1. Are qualified veterinarians and/or good kennel services available? Do animals need to be quarantined upon entry to the country? Are there other considerations regarding pets that are particular to this country?
Coming from the US, our dog did not require quarantine, but had to be micro-chipped (he already had one). Vienna is super dog-friendly, and this may be either a good thing or a bad thing for some. Dogs in general are well-trained and are welcome just about everywhere. Veterinarians seem to be everywhere, as well, and the costs for visits and necessary vaccinations are lower than in the US.
Employment & Volunteer Opportunities:
1. What volunteer opportunities are available locally?
Numerous. Several expatriate organizations and the two main charity groups have volunteer opportunities.
2. What is the typical dress code at work and in public places? Is formal dress ever required?
Formal dress is preferred at the many balls in Vienna; often the invitation or ticket will indicate how one should dress. Formal dress is never out of fashion when attending an opera.
Health & Safety:
1. Are there personal security concerns to be aware of at this post? Please describe.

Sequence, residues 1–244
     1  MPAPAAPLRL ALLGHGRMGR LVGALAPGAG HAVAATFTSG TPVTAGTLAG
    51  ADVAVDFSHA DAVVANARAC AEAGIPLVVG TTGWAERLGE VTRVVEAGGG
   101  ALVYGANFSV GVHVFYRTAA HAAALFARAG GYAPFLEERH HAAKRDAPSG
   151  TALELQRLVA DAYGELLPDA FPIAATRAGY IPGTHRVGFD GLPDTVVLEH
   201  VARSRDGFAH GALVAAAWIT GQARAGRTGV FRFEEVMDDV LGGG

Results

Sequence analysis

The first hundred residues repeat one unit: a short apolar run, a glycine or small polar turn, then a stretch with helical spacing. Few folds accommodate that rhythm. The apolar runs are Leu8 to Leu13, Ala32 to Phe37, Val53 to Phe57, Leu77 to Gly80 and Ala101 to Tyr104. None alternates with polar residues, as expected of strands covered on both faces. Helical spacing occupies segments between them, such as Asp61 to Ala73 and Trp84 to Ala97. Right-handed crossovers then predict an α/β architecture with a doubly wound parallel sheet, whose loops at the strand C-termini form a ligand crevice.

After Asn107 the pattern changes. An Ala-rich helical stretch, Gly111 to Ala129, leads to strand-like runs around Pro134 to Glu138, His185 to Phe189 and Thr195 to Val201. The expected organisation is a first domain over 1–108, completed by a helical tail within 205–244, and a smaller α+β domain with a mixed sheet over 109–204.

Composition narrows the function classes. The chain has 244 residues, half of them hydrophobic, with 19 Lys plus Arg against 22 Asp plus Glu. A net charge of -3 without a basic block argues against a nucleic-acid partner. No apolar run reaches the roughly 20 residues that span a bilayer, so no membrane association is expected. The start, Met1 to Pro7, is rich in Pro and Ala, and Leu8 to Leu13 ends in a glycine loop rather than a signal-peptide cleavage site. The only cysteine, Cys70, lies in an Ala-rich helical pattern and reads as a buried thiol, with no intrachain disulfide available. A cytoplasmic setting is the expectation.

There are some sketchy areas along the GÃ¼rtel at night, but not really in areas that expats would be in, anyway. There are also panhandlers and the like typical of a larger urban area, but really, nothing more is needed than what commonsense might dictate.
2. Are there any particular health concerns? What is the quality of available medical care? What medical conditions typically require medical evacuation?
Medical care is of high quality in general. Those with private insurance have the luxury of scheduling appointments and not having to endure possibly long wait times.
3. What is the air quality like at post (good/moderate/bad)? Are there seasonal air quality issues? Does the air quality have an impact on health?
Vienna is a clean city; its air is fresh and its water is among the finest in Europe. Seasonal allergy sufferers might be a little uncomfortable in the spring, but there's always a nearby Apotheke (pharmacy) with a qualified pharmacist to suggest a remedy.
4. What do people who suffer from environmental or food allergies need to know?
The number of stores and restaurants offering specialty groceries and menus has skyrocketed in the last five years, with many options now available for all kinds of diets.